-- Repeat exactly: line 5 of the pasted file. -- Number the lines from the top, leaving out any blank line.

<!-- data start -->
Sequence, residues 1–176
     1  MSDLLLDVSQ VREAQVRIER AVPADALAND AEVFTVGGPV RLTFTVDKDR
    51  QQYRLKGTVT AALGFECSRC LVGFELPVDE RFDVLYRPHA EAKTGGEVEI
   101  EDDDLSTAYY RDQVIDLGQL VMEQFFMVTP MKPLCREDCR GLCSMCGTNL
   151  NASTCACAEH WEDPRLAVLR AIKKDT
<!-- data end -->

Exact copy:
   151  NASTCACAEH WEDPRLAVLR AIKKDT